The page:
Kulers Uncorked: Gil Wins The Lottery

Credit: Gil Kulers

Credit: Gil Kulers

For reasons I can only guess at, The Atlanta Journal-Constitution octupled my pay. Finally, my Champagne dreams and caviar wishes are coming true.

First stop: the wine shop to stock up on some summer wines. What should I get? Well, I’ll take a bottle of Salon Champagne ($


450), of course, and I do like those Bouchard La Montrachets ($550). Oh, and why not a Kongsgaard Chardonnay from Napa Valley ($150)?

(EDITOR’S NOTE: Gil, you misread the memo. It said you misspelled “octopus” and you should be paying us for the “stuff” you submit.)

Darn. I’ve hit the rocky shoals of reality … again. First stop: the wine shop to stock up on some summer wines. Let’s see. I’ll take a California bubbly from Gloria Ferrer ($18), a Houchart rosé from Provence ($16), and what about a Soave from Italy?

I know what you’re saying: “No situation can be that bad to drink a Soave,” right?

First of all, spelling “octopoos” is hard. Second, you’re totally wrong about Soave wines. They don’t all come in 1.5 liter bottles that go for $5 each. The Soaves I’m talking about are crisp, flavorful and a joy to drink, especially during the summer.

Soave wines indeed suffer from an image problem. Many do, in fact, come in large to very large jugs and are dirt cheap. If you like them, great. I get the sense, however, that cheap Soave lovers may be choosing quantity over quality.

Before moving on, we should come to terms with what a Soave is exactly.

Soave is a winemaking region in northeastern Italy, in the hills just east of Verona. Its star attraction is the white garganega grape, but winemakers can add a little chardonnay, pinot bianco and trebbiano, if they choose.

There are two faces of the garganega. One is zen-like; the other is more like Freddy Krueger.

The horrific side of garganega is that it is prolific, which is great if you want to make monstrous amounts of cheap, flavorless white wine and put it in impossibly large jugs.

The flip side is that garganega is perfectly adapted to its environment. It has a thick skin, which thwarts opportunistic fungi that thrive in the misty hillsides above the Po Valley. This way, even though it is slow to ripen, growers can get grapes to fully mature. This allows Soave wines to show us their true depth of flavors.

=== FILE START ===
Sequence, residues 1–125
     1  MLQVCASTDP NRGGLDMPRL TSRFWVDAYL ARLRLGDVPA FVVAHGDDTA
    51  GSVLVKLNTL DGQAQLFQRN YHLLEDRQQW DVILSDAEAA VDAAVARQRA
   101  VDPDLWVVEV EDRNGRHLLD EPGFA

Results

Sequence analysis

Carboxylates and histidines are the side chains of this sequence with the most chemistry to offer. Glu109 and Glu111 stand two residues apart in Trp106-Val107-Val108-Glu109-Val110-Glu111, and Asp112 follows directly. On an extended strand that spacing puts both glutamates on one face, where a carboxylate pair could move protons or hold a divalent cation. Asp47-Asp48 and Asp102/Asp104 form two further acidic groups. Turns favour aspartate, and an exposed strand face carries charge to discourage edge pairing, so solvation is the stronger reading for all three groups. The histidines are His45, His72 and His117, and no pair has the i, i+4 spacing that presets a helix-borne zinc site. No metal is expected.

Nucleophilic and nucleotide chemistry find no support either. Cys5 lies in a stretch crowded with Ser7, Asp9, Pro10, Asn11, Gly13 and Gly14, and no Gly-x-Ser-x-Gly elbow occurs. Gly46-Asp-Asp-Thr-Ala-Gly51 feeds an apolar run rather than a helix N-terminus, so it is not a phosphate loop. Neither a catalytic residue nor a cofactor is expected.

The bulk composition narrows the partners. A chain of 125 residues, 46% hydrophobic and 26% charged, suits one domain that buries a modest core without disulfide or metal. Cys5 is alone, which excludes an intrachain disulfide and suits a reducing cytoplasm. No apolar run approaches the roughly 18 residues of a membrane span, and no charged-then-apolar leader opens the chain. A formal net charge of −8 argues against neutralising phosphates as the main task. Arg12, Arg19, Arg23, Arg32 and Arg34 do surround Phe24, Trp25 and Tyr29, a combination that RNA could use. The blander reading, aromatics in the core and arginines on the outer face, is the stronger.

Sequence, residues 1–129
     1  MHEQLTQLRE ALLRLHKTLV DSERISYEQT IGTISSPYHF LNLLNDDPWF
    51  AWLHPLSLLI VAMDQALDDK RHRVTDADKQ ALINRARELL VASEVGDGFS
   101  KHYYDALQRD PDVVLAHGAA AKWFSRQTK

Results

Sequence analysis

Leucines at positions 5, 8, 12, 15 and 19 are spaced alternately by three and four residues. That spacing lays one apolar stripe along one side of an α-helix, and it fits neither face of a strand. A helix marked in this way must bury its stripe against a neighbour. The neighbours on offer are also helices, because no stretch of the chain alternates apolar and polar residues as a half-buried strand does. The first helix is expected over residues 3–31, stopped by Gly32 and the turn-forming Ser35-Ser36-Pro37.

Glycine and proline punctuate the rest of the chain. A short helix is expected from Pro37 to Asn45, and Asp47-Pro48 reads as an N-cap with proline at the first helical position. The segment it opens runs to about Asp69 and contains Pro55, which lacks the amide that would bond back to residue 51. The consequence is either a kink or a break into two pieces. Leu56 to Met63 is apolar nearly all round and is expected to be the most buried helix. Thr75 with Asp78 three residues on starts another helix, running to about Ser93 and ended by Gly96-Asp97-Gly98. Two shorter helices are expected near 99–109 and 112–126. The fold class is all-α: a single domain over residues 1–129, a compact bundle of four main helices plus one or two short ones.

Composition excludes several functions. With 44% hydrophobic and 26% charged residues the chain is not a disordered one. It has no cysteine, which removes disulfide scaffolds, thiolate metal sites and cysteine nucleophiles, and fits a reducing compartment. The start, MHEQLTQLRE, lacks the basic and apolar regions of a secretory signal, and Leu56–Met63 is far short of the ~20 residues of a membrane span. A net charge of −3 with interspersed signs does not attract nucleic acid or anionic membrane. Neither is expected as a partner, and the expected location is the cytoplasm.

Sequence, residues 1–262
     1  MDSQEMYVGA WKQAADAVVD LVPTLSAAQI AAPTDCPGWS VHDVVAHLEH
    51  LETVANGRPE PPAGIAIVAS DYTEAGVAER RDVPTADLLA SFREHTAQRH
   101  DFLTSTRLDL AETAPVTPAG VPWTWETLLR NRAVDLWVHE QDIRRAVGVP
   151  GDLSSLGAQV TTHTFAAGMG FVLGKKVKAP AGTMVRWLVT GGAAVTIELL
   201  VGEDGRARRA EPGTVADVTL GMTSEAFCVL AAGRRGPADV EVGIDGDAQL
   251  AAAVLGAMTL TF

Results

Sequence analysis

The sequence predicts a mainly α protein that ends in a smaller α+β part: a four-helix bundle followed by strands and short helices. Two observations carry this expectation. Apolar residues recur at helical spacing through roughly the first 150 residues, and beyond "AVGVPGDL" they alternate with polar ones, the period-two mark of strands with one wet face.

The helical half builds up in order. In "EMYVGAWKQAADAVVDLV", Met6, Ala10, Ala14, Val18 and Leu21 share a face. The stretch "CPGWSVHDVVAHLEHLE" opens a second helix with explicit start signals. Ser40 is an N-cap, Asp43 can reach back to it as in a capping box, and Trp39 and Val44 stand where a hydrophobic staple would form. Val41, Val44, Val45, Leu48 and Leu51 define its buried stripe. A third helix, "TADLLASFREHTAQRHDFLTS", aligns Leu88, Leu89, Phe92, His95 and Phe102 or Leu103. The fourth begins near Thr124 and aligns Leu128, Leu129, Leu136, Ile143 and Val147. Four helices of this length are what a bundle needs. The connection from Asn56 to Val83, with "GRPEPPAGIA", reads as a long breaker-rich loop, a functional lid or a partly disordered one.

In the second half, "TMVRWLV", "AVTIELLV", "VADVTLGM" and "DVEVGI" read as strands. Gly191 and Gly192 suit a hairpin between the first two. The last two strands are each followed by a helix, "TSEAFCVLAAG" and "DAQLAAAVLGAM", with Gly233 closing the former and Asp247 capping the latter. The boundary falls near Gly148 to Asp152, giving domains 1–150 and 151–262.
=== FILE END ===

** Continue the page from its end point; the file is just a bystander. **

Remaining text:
The only caveat is that vineyard managers have to cut back the vines to concentrate aromas and flavors in the remaining bunches. In recent years, grape growers also have sought out vineyard locations that require the vines to struggle, so they are not so grotesquely vigorous.

And here’s the best news about Soave (especially for those of us navigating the world’s constant barrage of career setbacks): It is as good a value as you’ll get in the wine world. For the price of the three bottles I was going to buy with my phantom pay raise, you can buy five cases of the Pieropan Soave I’m highlighting with this column. And there is more than just one great Soave out there. Allegrini and Inama immediately come to mind.

So, remember: When life gives you lemons, you can always go wine shopping. And may the wines of your dreams always be the ones you can afford.

Gil Kulers is a sommelier and maitre d’ for an Atlanta country club. You can reach him at gil.kulers@winekulers.com.

  • 2014 Pieropan Soave Classico, Italy
  • $20
  • Two Thumbs Way Up
  • Intense aromas of fresh pear, toasted almond and tart citrus. A medium-bodied wine, but quite crisp, with an array of flavors that changed with its temperature. Flavors of lemon, pear, ripe mandarin orange, white peach and pleasant, lingering spice notes.

Note: Wines are rated on a scale ranging up from Thumbs Down, One Thumb Mostly Up, One Thumb Up, Two Thumbs Up, Two Thumbs Way Up and Golden Thumb Award. Prices are suggested retail prices as provided by the winery, one of its agents, a local distributor or retailer.